Time Posted: Sep 30, 2022 at 5:42 PM Permalink to September 2022 Vineyard Update Permalink
Poplar Grove
December 14, 2018 | Poplar Grove

2018 Vintage Report – Late to Start, Late to Finish

Mother Nature plays a big part in what we drink. Here’s what she’s been up to in our vineyards: Crush 2018 concluded on November 15th and will go down as one of the less tumultuous on record, with a nice steady stream of fruit coming into the winery at peak ripeness. Our picking crews started way back on September 18th and harvest in our estate vineyards stretched out over 58 days, with 40 actual picking days.

Here’s our report:

The weather in the Okanagan was favourable for most of the 2018 season, beginning with a mild spring. Budburst was 2-3 weeks later than normal, but the continuing mild weather trend allowed for uniform flowering, which paved the way for balanced cluster development. A typical Okanagan summer (hot and dry) tested our vineyard crews who had to pay careful attention to irrigation regimes and leaf-to-fruit-ratios. Once again, meticulous farming and careful yield management has delivered exceptional wine quality.

In September temperatures cooled to below normal, especially at night. But as the saying goes, “the sun always finds a hole in the clouds over the Okanagan” and, by the time harvest commenced we had recorded enough warm, sunny days to match long-term average heat summation levels.  More favourable weather marked a rare “Golden October” and provided a long, unpressured harvest period which continued into the first couple of weeks of November.

According to winemaker, Stefan Arnason, “The steady pace of our 2018 growing season yielded balanced wines; the cool nights and warm days over an extended period preserved acidity and develped wonderful phenolic ripeness and flavour complexity.”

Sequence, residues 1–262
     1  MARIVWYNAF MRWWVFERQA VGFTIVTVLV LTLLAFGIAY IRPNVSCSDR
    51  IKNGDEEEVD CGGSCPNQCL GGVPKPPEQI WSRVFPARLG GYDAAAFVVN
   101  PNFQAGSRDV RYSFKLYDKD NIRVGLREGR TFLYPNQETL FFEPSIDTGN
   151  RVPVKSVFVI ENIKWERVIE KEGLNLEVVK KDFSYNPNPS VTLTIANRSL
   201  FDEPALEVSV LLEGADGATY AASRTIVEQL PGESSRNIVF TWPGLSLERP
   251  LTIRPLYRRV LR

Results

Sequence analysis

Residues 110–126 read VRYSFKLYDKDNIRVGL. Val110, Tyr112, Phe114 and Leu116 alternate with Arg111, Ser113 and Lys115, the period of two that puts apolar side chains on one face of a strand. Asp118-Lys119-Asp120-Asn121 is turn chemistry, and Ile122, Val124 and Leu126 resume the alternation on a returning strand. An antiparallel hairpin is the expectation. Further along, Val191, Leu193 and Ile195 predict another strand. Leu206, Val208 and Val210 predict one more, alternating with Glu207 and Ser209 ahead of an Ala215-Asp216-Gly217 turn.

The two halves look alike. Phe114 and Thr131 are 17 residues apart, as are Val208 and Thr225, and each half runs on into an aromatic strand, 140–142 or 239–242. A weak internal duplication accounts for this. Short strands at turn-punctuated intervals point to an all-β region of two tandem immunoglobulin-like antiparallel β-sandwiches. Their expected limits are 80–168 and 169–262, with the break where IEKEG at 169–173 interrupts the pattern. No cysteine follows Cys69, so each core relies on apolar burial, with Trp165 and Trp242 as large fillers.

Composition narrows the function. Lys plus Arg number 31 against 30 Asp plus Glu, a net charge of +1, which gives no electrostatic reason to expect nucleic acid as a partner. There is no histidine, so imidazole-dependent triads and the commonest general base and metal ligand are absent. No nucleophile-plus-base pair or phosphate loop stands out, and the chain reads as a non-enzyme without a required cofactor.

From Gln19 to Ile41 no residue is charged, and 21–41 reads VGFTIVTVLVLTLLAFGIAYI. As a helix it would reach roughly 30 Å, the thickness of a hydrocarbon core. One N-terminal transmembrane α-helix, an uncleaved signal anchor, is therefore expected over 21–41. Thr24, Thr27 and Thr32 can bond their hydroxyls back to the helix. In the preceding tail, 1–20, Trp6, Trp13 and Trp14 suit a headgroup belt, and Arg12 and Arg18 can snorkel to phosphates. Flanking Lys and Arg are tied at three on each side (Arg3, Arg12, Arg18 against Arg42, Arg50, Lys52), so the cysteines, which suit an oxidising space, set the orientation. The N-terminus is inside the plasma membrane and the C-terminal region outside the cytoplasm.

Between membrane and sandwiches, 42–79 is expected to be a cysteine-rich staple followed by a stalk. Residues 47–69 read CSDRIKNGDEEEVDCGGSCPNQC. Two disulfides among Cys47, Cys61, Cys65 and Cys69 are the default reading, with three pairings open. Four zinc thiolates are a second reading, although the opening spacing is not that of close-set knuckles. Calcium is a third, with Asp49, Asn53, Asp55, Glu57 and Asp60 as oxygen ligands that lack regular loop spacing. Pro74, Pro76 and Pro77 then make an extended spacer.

Time Posted: Dec 14, 2018 at 10:30 PM Permalink to 2018 Vintage Report – Late to Start, Late to Finish Permalink
Poplar Grove
October 26, 2018 | Poplar Grove

Big News for BC Wines

The release of Poplar Grove Legacy 2014 is good news indeed. A wine that sets new standards and serves as a benchmark for the style. The judges at the fourth annual Judgement of BC agreed: our proprietary red blend took top spot!

Said a jubilant Tony Holler: “Winning such a prestigious award validates what we’re doing in the vineyards.” He added, “prominent awards like this one enhance awareness and interest in the Okanagan Valley, our wineries and their wines.”
















A post shared by Poplar Grove Winery (@poplargrovewinery) on

DJ Kearney, head judge, wine educator and global wine expert had this to say about the winning 2014 Legacy: “It has that wonderful crossover character with old-world structure and quality and new-world fruit generosity and weight, and our signature acidity. It is so well made and so well balanced, a worthy winner.”

Poplar Grove Legacy 2014 is a Bordeaux-inspired blend originating from the following vineyard locations - Osoyoos 65%, Oliver 15%, Penticton 13%, Naramata 7 %.  The blend comprises 44% Cabernet Franc, 24% Cabernet Sauvignon, 24% Merlot, 4% Malbec and 4% Petit Verdot.

Time Posted: Oct 26, 2018 at 3:14 PM Permalink to Big News for BC Wines Permalink